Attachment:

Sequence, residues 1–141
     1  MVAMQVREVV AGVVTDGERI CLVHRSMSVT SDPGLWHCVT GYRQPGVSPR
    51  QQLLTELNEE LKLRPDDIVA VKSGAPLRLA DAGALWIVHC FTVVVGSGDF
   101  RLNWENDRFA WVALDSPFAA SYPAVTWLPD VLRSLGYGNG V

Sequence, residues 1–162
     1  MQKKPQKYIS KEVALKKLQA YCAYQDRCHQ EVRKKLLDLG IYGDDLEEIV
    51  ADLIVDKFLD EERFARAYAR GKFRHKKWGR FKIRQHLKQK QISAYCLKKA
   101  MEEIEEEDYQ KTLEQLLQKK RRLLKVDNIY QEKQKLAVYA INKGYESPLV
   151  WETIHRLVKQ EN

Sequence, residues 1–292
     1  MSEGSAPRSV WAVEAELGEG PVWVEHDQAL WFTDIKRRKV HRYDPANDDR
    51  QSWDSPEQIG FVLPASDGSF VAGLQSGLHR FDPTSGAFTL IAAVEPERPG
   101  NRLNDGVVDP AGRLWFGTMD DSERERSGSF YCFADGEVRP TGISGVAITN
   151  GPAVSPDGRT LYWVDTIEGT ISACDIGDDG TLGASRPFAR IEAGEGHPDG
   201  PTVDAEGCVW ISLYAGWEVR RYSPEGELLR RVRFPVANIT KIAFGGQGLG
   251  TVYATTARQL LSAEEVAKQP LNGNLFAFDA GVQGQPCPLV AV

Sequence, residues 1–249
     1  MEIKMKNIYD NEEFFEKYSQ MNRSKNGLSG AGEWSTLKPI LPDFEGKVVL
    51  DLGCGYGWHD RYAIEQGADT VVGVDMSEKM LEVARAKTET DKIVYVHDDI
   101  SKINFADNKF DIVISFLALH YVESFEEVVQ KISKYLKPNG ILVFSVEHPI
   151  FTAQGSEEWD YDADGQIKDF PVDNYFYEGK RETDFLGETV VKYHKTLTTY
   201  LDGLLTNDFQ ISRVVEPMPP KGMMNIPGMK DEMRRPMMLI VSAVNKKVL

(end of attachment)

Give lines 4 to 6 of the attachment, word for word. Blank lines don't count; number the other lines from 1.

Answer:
   101  RLNWENDRFA WVALDSPFAA SYPAVTWLPD VLRSLGYGNG V

Sequence, residues 1–162
     1  MQKKPQKYIS KEVALKKLQA YCAYQDRCHQ EVRKKLLDLG IYGDDLEEIV